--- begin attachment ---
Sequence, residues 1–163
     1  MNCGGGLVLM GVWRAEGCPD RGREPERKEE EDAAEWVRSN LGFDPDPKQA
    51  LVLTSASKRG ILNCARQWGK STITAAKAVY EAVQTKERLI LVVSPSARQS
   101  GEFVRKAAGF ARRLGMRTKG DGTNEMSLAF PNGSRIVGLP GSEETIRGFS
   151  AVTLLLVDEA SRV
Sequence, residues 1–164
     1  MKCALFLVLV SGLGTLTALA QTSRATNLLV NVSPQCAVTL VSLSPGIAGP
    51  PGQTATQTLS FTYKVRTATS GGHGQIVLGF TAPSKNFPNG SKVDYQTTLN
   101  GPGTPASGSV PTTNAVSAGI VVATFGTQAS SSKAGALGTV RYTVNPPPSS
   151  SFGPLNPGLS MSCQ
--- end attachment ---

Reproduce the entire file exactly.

Sequence, residues 1–163
     1  MNCGGGLVLM GVWRAEGCPD RGREPERKEE EDAAEWVRSN LGFDPDPKQA
    51  LVLTSASKRG ILNCARQWGK STITAAKAVY EAVQTKERLI LVVSPSARQS
   101  GEFVRKAAGF ARRLGMRTKG DGTNEMSLAF PNGSRIVGLP GSEETIRGFS
   151  AVTLLLVDEA SRV
Sequence, residues 1–164
     1  MKCALFLVLV SGLGTLTALA QTSRATNLLV NVSPQCAVTL VSLSPGIAGP
    51  PGQTATQTLS FTYKVRTATS GGHGQIVLGF TAPSKNFPNG SKVDYQTTLN
   101  GPGTPASGSV PTTNAVSAGI VVATFGTQAS SSKAGALGTV RYTVNPPPSS
   151  SFGPLNPGLS MSCQ